Understanding goal-directed human actions and physical causality: The role of mother-infant interaction

Hohenberger, Annette Edeltraud
Elsabbagh, Mayada
Serres, Josette
de Schoenen, Scania
Karmiloff-Smith, Annette
Aschersleben, Gisa
This study addresses the relation between early cognitive development and mother-infant interaction. Infants at the age of 6 and 10 months recruited from labs in three European countries - Germany, Great Britain, and France - were tested on two cognitive tasks: understanding of goal-directed human action and physical causality. Mother-infant interaction was assessed with the CARE-Index. In the goal-directed action task, the overall sample col the 6-month olds did not yet reliably discriminate between an object-change and a path change trial while a subsample of infants of modestly controlling mothers did. All infants ai 10 months of age showed discrimination. In the physical causality task, the overall sample of the 6-month olds did not yet reliably discriminate between an expected and an unexpected launching event. At 10 months of age, the overall sample showed discrimination due to the major subsample of infants of highly sensitive mothers. Our findings support the view that exogenous factors influence cognitive development within a particular time window, in highly specific ways, depending on the age of the subjects, the cognitive domain and the quality of mother-infant interaction. (C) 2012 Elsevier Inc. All rights reserved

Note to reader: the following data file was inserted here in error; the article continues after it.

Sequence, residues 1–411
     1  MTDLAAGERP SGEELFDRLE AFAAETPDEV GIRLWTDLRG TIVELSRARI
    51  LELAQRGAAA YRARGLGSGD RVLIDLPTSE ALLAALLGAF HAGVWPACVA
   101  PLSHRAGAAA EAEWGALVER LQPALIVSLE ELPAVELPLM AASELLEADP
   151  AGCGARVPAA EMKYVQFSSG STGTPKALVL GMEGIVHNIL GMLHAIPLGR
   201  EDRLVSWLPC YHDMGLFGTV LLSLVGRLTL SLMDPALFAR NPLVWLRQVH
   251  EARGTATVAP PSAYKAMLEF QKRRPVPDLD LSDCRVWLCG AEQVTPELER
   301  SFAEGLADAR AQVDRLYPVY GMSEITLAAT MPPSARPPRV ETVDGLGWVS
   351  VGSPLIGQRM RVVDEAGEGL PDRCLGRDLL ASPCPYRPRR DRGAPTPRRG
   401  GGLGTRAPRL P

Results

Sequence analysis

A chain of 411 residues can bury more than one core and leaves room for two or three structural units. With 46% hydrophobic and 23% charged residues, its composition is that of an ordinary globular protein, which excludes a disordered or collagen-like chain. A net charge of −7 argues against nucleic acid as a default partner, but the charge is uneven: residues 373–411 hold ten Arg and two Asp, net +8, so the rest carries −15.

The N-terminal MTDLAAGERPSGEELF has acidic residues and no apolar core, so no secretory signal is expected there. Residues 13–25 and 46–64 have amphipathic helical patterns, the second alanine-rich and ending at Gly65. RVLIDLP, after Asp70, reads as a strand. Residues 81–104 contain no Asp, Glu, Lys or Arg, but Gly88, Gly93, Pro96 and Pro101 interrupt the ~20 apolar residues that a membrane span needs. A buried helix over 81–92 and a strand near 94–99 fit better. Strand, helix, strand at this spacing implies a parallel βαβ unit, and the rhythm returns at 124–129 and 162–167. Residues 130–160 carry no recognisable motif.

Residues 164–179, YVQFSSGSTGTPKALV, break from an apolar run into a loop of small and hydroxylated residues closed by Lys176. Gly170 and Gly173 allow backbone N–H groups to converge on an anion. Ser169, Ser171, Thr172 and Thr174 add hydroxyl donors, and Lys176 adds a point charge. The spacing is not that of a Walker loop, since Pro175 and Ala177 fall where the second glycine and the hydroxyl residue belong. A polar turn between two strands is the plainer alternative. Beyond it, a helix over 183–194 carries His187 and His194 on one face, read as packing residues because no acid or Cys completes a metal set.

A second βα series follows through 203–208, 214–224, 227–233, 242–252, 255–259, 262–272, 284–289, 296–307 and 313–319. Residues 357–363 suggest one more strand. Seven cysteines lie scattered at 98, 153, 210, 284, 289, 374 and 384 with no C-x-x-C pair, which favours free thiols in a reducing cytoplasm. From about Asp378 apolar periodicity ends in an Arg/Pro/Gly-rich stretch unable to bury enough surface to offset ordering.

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Citation Formats
A. E. Hohenberger, M. Elsabbagh, J. Serres, S. de Schoenen, A. Karmiloff-Smith, and G. Aschersleben, “Understanding goal-directed human actions and physical causality: The role of mother-infant interaction,” INFANT BEHAVIOR & DEVELOPMENT, pp. 898–911, 2012, Accessed: 00, 2020. [Online]. Available: https://hdl.handle.net/11511/55667.